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The Name's the Same 

Guests who have the same name as famous persons, fictional characters, or things, are quizzed by celebrity panelists who try to determine their name. Each panelist has ten questions; if ... See full summary »




1955   1954   1953   1952  


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Series cast summary:
Joan Alexander ...  Herself - Panelist / ... 101 episodes, 1952-1955
Robert Q. Lewis ...  Himself - Host 70 episodes, 1952-1954


Guests who have the same name as famous persons, fictional characters, or things, are quizzed by celebrity panelists who try to determine their name. Each panelist has ten questions; if they fail, they have to give the guest a check for a small amount. A famous person also visits with a secret wish that the panelists guess. Written by Jon Reeves <jreeves@imdb.com>

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Family | Game-Show







Release Date:

5 December 1951 (USA) See more »

Company Credits

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Technical Specs


Sound Mix:


Aspect Ratio:

1.33 : 1
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Did You Know?


When the show first began there were only three people on the panel and the top prize was $75. The panelists who ran out of questions or didn't make the correct guess paid the contestant a check for $25. However, in 1954, the panel expanded to the more familiar four person set up that was used on "What's My Line" and "I've Got a Secret" and the top prize went up to $80 and each panelist who didn't make a correct guess or ran out of questions now paid $20. See more »


Referenced in What's My Line?: Audrey Meadows (1955) See more »


Shooting Star
(1st Theme)
Performed by Sidney Torch
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User Reviews

Justly forgotten...
30 March 2005 | by castansfieldSee all my reviews

As a fan of old-style panel shows and GSN's "Black and White Overnight," I was interested in seeing examples of "The Name's The Same," a panel show I'd never heard of. Having watched it evolve from its Robert Q. Lewis-hosted incarnation into the Bob and Ray version, I can say, frankly, that this forgettable show deserved to be forgotten.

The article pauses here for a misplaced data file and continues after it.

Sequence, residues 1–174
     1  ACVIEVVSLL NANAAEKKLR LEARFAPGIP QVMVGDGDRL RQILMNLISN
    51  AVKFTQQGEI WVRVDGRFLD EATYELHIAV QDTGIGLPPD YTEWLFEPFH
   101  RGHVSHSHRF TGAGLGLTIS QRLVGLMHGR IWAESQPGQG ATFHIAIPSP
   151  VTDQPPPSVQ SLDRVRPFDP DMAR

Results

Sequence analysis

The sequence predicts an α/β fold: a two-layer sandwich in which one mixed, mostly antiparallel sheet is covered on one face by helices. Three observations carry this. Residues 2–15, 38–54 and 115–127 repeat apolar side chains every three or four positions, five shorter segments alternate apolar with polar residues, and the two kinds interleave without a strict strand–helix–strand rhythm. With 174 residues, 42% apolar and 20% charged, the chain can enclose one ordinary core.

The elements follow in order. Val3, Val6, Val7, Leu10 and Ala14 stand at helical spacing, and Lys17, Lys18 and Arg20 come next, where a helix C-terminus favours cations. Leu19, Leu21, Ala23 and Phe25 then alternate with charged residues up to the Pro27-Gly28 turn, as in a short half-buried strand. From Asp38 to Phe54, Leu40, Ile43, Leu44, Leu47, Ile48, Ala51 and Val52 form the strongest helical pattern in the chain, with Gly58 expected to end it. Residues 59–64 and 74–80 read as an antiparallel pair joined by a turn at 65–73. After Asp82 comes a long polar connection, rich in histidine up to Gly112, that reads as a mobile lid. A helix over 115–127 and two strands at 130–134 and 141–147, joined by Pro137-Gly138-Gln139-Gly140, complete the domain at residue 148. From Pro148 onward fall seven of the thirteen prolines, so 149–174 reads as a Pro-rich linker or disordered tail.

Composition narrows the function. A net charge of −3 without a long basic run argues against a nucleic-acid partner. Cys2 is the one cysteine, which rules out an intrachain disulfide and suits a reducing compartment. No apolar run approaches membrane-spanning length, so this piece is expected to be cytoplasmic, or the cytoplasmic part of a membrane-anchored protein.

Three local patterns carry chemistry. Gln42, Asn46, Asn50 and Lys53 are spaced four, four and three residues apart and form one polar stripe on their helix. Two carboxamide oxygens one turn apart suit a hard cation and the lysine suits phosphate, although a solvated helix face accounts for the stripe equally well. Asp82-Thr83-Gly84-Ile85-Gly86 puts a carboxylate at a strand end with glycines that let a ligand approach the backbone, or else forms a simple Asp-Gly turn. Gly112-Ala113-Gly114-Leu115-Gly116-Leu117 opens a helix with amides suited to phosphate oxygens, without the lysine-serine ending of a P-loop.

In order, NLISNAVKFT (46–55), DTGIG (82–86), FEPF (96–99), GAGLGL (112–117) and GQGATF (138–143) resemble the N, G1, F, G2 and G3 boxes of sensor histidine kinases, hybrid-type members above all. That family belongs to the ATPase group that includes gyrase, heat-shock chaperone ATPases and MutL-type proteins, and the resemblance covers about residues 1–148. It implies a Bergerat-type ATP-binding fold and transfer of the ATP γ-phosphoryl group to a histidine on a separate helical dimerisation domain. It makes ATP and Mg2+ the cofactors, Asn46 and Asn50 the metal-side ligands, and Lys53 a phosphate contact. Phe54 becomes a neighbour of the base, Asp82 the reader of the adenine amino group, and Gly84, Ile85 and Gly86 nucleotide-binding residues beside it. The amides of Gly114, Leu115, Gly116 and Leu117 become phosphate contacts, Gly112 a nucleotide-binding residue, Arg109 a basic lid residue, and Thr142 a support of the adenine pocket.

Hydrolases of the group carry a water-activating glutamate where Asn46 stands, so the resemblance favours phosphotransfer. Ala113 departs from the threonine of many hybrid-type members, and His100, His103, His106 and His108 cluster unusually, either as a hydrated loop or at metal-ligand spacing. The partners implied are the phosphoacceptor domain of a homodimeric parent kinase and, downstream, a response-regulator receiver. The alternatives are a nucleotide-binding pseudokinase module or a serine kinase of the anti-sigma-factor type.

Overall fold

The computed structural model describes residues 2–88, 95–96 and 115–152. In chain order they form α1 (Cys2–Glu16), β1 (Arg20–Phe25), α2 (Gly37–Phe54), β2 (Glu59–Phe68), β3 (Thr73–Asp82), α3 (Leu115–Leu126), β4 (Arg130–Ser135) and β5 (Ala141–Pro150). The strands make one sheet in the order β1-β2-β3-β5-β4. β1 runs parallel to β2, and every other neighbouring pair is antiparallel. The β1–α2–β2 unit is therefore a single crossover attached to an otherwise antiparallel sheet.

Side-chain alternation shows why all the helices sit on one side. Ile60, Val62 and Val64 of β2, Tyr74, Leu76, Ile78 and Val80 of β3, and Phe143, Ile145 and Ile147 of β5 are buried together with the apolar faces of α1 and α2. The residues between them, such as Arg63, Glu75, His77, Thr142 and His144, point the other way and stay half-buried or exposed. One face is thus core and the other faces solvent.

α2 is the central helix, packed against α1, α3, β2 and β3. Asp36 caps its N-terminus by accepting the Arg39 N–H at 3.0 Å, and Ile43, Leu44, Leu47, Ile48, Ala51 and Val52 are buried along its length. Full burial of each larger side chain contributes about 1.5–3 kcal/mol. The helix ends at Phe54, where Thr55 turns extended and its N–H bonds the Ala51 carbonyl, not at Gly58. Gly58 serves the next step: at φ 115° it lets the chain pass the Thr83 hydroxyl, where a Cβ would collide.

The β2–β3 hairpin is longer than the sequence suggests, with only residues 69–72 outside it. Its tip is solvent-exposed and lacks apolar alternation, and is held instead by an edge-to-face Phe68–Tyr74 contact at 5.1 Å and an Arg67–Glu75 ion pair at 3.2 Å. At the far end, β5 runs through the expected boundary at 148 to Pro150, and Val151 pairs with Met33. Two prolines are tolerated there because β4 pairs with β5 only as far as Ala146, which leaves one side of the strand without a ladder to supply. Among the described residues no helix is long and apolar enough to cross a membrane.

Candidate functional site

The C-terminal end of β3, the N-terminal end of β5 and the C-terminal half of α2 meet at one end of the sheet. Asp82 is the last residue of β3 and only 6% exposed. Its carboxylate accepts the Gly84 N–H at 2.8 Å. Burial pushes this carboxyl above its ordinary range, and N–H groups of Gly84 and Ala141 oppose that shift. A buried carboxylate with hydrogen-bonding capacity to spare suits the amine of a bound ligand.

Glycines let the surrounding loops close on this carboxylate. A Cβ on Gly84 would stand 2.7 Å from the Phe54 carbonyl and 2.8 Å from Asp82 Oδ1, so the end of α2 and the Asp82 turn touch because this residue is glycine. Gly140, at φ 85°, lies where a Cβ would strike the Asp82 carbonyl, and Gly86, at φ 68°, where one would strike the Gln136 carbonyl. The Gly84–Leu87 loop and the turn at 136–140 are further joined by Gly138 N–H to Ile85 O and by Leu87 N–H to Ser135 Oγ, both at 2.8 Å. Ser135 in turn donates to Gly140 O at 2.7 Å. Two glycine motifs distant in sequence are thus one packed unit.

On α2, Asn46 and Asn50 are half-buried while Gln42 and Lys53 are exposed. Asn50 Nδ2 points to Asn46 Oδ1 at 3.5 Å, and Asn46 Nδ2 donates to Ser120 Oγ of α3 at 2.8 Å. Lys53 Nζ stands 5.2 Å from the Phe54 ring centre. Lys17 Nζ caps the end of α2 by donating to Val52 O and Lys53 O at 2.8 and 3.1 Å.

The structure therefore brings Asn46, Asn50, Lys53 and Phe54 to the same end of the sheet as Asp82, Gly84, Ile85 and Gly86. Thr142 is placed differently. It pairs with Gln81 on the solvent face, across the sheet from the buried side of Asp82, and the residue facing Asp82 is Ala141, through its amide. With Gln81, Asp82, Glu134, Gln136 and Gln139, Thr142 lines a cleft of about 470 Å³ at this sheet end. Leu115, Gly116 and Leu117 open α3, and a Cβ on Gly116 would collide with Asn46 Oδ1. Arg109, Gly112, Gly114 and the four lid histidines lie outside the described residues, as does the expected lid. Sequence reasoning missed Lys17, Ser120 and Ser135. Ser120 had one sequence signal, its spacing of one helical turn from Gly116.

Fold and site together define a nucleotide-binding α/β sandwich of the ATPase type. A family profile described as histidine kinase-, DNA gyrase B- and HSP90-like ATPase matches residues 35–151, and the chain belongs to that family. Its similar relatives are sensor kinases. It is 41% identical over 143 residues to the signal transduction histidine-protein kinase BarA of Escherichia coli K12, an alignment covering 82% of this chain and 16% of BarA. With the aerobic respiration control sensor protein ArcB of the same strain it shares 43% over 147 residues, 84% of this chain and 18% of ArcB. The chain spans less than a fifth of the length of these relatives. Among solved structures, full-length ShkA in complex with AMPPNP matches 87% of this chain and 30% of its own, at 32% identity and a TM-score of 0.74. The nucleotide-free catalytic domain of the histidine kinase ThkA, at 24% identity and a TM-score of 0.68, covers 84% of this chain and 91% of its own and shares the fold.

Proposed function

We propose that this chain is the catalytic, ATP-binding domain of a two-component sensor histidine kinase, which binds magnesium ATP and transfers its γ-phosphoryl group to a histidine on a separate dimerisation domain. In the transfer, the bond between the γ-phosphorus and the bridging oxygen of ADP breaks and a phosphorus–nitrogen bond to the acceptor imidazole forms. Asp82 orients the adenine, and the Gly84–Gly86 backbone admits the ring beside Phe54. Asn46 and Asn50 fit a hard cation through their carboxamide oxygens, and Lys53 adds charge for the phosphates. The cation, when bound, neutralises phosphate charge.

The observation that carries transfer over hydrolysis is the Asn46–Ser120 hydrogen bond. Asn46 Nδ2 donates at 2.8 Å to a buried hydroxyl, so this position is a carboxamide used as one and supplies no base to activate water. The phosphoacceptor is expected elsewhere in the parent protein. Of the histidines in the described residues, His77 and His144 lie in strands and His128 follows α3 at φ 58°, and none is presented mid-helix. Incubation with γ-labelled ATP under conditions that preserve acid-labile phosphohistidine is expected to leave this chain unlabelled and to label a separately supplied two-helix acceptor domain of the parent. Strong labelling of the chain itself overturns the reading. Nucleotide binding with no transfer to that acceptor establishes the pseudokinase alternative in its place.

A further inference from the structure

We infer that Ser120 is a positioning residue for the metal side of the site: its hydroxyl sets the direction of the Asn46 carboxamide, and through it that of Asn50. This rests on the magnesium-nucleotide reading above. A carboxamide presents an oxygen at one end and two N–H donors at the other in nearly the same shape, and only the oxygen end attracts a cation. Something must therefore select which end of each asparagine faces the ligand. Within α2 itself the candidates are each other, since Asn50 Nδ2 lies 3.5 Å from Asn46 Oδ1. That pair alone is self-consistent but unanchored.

There is nothing seriously objectionable about the show, but the game concepts are lame even for this genre. In the main segments, a panel of three (later four) tries to guess the name of "a regular person" who shares his name with a familiar object, action, or person (real or fictional). Examples included such names as "Marilyn Monroe," "Tom Sawyer," "A. Hog" and "I. Kick." In the original "special guest" segment (an obligatory panel show staple), the panel tried to guess whom the guest would LIKE to be. Later, the segment was altered: now the panel had to guess what the guest's special wish was. Often the wish involved the host or members of the panel ("I'd like to dance the rhumba with Audrey Meadows," and "I'd like to sing a duet with Robert Q." were two), and generally the wish was fulfilled on stage. As the show aged, the wishes became progressively sillier and it became very obvious that the wishes were "provided" for the guests.

The panel shows of the fifties and sixties were not known for their intellectual concepts, and "The Name's The Same" shouldn't be discounted strictly because of the inherent thin-ness of its focus. However, the members of the panel over the years, the hosts (with the possible exception of Lewis), and the special guests, failed to rise to the level of the great line-ups enjoyed by "What's My Line" and "I've Got A Secret." Panelists like Joan Alexander, Walter Slezak, and Meredith Willson were affable enough, but there rarely seemed to be anyone with the sparkle of an Arlene Francis, the cuteness of a Betsy Palmer, the wit of a Fred Allen or Henry Morgan, the intellect/pretension of a Louis Untermeyer or Bennett Cerf, or even the "love-her/hate-her" passion inspired by Dorothy Kilgallen. Even during those periods when a genuinely funny or interesting panelist like Gene Rayburn or Hal Block joined the show, the panel never enjoyed an interesting balance of types. The long runs of genuinely UNfunny panelists like Roger Price further doomed the show to oblivion.

When Bob and Ray took over hosting duties the show became even more insufferable. Long segments were devoted to "comedy" bits that bore only a tangential relationship to the game portions; Bob and Ray, so brilliant and subversive on the radio, became tedious, unfunny, and frankly, painful to watch.

"The Name's The Same" is worth watching for much the same reason other old panel shows are worth watching- it often gives one a chance to see familiar and beloved stars in a more down-to-earth mode, and it offers a window into the tastes and comedic mores of its time. It is not, however, a comedic gem, nor is it an example of exciting game-play. If offered a choice, I believe most viewers would prefer a bad episode of "I've Got a Secret" or "To Tell The Truth," to even the best episode of a show like "The Name's The Same."

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